By Angela Maas

When HHS unveiled a proposed rule in late January aimed at eliminating drug rebates in Medicare Part D and Medicaid managed care, the proposal was met with mixed responses. A recently released score from the Congressional Budget Office (CBO) calls into question whether the administration chooses to move forward with the proposal in its current form.

The proposal would do away with the safe harbor protection in the anti-kickback statute for rebates negotiated between manufacturers and PBMs starting Jan. 1, 2020.

In the CBO’s report, the agency projects that if the rule is implemented as proposed, it will increase federal spending by approximately $177 billion from 2020 to 2029. Of that total, spending on Medicare Part D premiums would increase by about $170 billion. Without rebates to keep premiums low, beneficiaries would face higher premiums. The agency anticipates that “rather than lowering list prices, manufacturers would offer the negotiated discounts in the form of chargebacks,” which are shared with beneficiaries via a manufacturer payment to a pharmacy.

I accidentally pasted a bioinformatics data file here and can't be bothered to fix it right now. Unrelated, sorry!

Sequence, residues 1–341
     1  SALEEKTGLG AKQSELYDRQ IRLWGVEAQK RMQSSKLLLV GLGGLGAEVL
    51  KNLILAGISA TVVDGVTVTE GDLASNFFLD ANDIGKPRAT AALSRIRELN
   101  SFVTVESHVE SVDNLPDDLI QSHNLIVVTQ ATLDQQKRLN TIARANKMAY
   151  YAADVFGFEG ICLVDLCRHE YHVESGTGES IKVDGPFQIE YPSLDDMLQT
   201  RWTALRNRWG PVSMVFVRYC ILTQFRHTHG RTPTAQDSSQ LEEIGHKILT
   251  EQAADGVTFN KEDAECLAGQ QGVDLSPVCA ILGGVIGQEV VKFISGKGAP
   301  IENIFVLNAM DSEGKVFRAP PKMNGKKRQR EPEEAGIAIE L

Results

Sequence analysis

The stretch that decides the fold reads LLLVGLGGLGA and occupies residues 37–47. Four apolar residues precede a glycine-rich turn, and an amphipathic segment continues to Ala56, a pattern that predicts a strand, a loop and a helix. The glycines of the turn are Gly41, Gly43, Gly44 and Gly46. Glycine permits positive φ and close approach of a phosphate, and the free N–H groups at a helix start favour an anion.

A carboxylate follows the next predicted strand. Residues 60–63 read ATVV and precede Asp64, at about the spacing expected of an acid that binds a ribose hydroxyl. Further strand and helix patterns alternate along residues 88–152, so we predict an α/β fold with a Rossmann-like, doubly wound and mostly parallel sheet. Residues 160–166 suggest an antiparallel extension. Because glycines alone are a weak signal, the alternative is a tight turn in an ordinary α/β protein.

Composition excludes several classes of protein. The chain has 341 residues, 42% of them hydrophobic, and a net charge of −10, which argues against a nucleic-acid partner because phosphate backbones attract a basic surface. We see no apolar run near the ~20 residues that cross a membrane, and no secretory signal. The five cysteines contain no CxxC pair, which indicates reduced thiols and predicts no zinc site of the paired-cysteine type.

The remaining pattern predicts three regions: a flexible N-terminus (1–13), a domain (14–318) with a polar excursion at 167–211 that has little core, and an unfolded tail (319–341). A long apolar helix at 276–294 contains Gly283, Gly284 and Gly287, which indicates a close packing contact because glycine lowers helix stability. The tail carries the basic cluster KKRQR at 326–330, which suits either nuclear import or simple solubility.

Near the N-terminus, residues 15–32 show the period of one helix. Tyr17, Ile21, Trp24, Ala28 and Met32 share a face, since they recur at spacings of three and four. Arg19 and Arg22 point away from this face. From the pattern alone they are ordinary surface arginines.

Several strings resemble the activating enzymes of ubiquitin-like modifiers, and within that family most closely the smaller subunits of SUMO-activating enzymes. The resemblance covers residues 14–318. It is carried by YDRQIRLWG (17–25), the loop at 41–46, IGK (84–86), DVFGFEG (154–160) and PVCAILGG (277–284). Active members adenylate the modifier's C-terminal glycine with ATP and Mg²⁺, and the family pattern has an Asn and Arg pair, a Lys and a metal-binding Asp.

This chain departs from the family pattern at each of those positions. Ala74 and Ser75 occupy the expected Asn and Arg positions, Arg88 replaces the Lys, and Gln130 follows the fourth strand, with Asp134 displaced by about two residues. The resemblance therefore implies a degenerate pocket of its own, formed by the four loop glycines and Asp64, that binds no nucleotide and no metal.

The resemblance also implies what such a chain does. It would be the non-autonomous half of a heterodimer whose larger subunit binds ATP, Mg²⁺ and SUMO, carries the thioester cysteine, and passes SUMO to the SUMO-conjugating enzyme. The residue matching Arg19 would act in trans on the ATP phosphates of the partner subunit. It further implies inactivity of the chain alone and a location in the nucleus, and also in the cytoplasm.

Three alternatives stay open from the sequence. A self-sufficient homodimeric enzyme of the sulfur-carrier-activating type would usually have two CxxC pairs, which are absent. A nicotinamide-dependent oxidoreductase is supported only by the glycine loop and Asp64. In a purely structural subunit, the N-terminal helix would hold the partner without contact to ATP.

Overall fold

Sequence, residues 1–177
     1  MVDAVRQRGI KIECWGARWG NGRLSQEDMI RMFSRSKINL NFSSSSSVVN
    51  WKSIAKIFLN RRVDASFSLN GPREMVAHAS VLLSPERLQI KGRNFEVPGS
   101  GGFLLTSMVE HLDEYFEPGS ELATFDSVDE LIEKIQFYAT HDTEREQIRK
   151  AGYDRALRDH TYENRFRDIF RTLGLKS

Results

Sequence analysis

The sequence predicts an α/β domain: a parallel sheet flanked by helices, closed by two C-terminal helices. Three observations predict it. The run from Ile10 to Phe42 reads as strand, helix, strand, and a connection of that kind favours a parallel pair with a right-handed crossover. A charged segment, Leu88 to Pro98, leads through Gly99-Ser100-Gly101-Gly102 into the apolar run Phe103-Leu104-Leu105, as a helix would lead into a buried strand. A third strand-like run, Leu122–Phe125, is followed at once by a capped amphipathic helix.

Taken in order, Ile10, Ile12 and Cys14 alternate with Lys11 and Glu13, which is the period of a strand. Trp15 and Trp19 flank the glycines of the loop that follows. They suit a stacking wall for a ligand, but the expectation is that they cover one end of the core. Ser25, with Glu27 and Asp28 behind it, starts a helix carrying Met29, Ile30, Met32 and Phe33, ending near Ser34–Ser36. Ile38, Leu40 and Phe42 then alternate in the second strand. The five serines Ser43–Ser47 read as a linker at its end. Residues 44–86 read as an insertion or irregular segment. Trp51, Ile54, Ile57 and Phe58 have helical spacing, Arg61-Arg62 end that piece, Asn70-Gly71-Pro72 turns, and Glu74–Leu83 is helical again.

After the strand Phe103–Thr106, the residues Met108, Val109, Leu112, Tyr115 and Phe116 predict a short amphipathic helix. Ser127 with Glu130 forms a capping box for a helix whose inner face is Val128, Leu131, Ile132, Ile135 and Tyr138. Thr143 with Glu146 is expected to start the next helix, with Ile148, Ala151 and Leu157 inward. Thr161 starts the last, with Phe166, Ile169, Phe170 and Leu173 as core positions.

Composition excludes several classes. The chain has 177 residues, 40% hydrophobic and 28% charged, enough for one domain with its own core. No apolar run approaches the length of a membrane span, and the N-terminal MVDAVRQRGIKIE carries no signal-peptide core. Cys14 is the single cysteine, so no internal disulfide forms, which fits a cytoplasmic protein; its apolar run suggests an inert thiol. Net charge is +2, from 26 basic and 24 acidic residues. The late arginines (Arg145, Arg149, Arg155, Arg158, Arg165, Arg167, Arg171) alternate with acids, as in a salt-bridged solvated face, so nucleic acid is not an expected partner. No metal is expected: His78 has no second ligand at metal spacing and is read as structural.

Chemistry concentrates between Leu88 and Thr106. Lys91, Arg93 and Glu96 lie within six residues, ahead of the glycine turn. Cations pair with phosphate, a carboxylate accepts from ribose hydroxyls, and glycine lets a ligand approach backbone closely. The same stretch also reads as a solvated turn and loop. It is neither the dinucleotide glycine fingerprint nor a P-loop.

The report, however, also concludes that “no current system could both meet the proposed rule’s standards and facilitate chargebacks.”

If “rebates could no longer be paid to PBMs in Medicare Part D,” but “systems are not available to support retail pharmacy chargebacks,…this would be an untenable situation,” says Elan Rubinstein, Pharm.D., principal at EB Rubinstein Associates, making it “reasonable to delay” the proposed implementation date.

“The increase in premiums was expected by many, but the growth in federal spending was somewhat surprising given that lower upfront prices would generally benefit the end payer, which in this case is the federal government,” says Jeremy Schafer, Pharm.D., senior vie president, director, access experience team at Precision for Value. “It seems changing the safe harbor may not accomplish patient savings or reduced government spending as hoped for by the administration.”